Position food and water bowls so your cats can eat and drink without having to turn their back to their surroundings and potential competitors. Similarly, cats need to feel safe while using their litter box. Some cats may block access to litter trays as a form of passive aggression. This can lead to health problems such as bladder and bowel disease as well as anxiety. Litter boxes should be plentiful, positioned in quiet areas, and cleaned at least once a day.

Cats also need lots of sleep and access to comfortable sleeping areas where they can let their guard down. Many cats prefer elevated beds or perches where they can rest and observe without feeling threatened. Resting spaces don’t need to be expensive—most cats love a cozy blanket or even a cardboard box.

Feline Pheromones

Cats use scent as a major form of communication and their intrinsic pheromones are part of this secret messaging system. Territory marking is performed using pheromones in feces and urine. It’s also done through the paw pads while scratching and through facial and flank glands when they rub themselves against objects or people.

Providing scratching posts not only helps cats fulfill their natural desire to sharpen and hone their claws, it also allows for good cat communication about their territory boundaries. Increase the chances of harmony between your cats by using pheromone sprays or diffusers, such as Feliway, to encourage pleasant messages rather than tetchy disputes.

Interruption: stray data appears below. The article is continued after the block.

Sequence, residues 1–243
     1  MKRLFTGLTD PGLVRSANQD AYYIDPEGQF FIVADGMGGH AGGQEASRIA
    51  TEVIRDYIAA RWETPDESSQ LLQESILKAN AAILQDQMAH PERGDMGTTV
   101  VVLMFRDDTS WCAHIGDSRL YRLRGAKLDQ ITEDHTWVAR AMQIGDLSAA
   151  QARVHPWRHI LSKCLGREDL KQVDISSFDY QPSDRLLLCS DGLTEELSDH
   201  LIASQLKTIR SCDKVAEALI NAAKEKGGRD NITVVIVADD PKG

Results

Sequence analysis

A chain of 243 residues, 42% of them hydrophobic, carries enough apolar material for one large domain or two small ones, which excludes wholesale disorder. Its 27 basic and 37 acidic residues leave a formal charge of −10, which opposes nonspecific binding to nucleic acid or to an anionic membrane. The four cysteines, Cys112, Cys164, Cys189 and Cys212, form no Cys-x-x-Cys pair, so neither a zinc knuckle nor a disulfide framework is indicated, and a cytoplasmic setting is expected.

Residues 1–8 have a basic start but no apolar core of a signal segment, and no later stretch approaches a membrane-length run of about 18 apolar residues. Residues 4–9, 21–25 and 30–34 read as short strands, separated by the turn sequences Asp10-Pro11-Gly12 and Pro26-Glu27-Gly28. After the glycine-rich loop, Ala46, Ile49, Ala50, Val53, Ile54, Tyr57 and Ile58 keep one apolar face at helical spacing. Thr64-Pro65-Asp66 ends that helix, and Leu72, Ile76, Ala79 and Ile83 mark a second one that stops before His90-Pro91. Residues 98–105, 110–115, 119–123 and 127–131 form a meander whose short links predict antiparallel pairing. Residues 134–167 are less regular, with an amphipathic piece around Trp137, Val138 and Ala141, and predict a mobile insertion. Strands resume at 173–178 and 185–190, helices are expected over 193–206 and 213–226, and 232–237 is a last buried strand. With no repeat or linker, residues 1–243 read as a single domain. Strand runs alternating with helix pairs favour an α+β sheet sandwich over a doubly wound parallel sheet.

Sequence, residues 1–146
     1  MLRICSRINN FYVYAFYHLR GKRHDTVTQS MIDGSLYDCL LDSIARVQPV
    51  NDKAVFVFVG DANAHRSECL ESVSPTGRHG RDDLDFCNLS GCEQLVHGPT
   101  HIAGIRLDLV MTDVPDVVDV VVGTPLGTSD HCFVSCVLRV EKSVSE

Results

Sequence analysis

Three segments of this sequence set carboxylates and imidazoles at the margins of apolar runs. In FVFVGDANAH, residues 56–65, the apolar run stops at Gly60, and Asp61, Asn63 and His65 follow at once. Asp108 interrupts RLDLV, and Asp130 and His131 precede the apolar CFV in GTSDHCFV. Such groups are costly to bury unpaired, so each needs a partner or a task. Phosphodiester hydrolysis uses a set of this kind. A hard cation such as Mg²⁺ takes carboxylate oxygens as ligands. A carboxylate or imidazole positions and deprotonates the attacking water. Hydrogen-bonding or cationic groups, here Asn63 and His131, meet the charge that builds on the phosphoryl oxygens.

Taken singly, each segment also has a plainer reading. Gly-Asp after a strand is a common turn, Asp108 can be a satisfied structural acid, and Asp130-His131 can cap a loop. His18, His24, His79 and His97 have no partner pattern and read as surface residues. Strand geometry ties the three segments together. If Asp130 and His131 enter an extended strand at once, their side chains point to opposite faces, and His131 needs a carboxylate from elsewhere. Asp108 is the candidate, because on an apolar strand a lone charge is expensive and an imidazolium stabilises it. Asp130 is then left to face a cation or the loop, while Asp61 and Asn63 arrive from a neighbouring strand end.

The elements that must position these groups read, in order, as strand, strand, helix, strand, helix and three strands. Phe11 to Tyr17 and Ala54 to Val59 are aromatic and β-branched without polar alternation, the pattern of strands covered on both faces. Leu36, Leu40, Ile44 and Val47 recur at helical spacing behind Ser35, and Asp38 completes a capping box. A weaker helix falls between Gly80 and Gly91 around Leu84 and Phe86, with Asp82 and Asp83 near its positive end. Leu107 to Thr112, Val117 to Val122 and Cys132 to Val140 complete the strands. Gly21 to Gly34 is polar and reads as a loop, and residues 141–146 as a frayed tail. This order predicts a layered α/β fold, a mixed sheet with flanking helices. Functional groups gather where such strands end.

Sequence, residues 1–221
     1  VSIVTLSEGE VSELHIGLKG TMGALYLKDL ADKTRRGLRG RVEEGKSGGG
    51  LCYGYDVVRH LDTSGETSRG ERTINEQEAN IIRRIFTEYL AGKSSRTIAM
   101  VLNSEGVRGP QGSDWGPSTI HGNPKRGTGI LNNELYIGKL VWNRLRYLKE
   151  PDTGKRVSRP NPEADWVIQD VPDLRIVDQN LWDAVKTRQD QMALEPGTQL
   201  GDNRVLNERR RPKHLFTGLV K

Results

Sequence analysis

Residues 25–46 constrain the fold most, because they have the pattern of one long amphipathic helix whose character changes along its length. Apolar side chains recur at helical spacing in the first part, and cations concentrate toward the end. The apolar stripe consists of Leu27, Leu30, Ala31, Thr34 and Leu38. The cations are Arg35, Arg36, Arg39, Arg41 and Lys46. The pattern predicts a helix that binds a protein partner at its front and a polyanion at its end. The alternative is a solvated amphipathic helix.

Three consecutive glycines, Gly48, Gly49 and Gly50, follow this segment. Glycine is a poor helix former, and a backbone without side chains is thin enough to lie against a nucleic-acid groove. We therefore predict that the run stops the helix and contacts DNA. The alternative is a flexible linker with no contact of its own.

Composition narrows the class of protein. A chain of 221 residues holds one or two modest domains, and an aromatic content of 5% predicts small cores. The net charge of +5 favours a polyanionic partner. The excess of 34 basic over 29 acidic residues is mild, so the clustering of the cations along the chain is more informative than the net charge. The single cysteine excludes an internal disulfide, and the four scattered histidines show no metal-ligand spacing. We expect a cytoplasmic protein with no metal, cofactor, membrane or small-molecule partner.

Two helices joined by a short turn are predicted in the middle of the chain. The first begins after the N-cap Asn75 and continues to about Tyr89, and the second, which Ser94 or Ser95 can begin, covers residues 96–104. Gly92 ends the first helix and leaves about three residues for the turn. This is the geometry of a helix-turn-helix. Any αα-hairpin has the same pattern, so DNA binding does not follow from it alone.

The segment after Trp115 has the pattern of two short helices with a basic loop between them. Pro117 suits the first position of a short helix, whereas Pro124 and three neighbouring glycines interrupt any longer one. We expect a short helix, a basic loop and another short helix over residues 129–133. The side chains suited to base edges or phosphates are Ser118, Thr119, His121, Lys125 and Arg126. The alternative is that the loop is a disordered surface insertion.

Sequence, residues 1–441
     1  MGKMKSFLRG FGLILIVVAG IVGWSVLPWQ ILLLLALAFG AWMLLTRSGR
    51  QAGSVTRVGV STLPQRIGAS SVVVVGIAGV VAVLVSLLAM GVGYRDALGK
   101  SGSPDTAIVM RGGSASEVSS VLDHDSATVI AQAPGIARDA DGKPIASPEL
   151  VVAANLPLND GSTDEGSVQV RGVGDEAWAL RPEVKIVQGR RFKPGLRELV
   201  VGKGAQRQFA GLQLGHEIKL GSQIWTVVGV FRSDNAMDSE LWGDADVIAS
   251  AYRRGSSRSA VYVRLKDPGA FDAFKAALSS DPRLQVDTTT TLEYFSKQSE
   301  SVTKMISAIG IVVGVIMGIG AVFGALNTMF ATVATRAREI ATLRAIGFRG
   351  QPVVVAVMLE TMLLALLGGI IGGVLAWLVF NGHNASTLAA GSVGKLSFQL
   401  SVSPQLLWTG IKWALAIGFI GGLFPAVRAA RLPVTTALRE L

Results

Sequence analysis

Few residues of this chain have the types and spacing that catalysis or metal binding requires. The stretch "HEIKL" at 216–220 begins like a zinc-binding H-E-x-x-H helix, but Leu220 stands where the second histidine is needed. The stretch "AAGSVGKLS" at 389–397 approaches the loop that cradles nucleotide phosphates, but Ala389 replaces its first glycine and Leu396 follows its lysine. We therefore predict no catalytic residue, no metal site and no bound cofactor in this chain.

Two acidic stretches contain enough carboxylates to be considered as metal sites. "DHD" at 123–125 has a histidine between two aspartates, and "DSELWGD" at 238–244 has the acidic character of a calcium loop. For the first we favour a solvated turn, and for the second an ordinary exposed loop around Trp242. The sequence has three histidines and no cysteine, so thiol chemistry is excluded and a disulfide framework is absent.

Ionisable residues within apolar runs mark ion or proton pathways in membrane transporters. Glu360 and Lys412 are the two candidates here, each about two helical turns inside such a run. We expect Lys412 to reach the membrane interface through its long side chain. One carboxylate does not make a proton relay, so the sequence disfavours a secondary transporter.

Common Problems

tabby cat hissing at an approaching ginger and white cat

Aggression between cats can be a huge source of stress. Glue Promsiri /

Having more than one cat can lead to a loving, bonded social group, but there are also some potential pitfalls. Let’s go through some common problems and how to tackle them.

Urine Spraying

Cats, both male and female, use urine spraying as a form of communication—usually about territorial borders and disputes.

If your cat leaves urine around the house, it can be difficult to tell whether it was spraying or just inappropriate toileting behavior. Spraying differs from normal urination in that it involves a small volume of strongly scented urine and is done against a vertical surface. Unless you catch them in the act, it can be difficult to say for sure. A good starting point is to have your cat checked by a vet to ensure there is no medical cause for house soiling.